Stanley 47-400 Magnetic Stud Finder
Included in the wisdom my Dad taught me decades ago is what’s known as the “KISS principle.” That’s the acronym for “Keep It Simple, Stupid,” advice I came to remember the last time I shelled out double-digit dollars for some bright-colored, battery-driven stud finder, which – of course – was a waste of hard-earned cash.
|I should’ve stuck with the simple solution, one that still works: a Stanley Magnetic Stud Finder (model 47-400). It has no battery, no laser, no spirit level and no buttons: there’s nothing but a small magnetic rod that swivels on a tiny axle, all tucked under a clear plastic housing. Think about it: a nail or drywall screw is steel, so you do is slide your magnetic stud finder along a baseboard or wall until the magnet snaps upright and points at a nail. The housing is notched on the sides to show where the magnet points. Mark that spot with your pencil, then work vertically up the wall a carpenter’s level. If you run the magnet up the vertical, you can usually find the mid-sheet nails/screw, even if they’re a bit off-center. Now that’s the very definition of “Simple.”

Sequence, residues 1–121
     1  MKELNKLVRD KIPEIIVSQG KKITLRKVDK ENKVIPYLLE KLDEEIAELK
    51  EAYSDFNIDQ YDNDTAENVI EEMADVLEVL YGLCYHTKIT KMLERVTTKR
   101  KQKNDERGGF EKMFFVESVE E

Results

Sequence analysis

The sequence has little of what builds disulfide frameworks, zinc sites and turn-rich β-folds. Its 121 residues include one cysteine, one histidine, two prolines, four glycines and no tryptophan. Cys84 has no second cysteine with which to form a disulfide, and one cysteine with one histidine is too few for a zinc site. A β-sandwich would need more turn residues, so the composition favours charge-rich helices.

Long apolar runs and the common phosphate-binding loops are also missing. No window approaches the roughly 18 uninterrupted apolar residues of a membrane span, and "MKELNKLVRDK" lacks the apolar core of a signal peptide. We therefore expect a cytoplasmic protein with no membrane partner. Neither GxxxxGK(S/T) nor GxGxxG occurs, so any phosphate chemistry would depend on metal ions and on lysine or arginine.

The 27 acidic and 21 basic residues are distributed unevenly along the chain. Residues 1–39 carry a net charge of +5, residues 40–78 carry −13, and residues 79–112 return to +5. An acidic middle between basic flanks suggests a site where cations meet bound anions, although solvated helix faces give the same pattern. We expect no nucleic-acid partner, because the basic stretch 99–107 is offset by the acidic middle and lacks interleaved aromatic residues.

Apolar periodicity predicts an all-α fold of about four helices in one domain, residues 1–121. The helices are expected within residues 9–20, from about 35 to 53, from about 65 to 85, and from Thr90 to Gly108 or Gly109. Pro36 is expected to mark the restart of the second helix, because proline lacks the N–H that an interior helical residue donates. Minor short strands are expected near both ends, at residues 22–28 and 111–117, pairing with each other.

They cost just a few bucks (about the cost of the batteries in a laser stud finder), so you can afford to keep several around in case you lose yours. The magnet’s coated with enamel (in Stanley Yellow) and the base is black plastic. The little guy forms a cube about 1-½ inches on a side, with a weight of less than ½ ounce) easier to find on the tool bench or in the box (where it tends to latch onto a hammer…). Mine says “Stanley USA” on its base, but it’s decades old –they’re probably made in China these days.
Save the cost of batteries and get a dependable stud finder, even though it’s decidedly low-tech: Stanley's Magnetic stud finder.
Plus: basically foolproof, simple, no batteries
Minus: small and easy to lose, harder to use in the center of the wall or on ceilings
What they’re saying: Sorry, no joke about looking a stud in all the wrong places to be found here.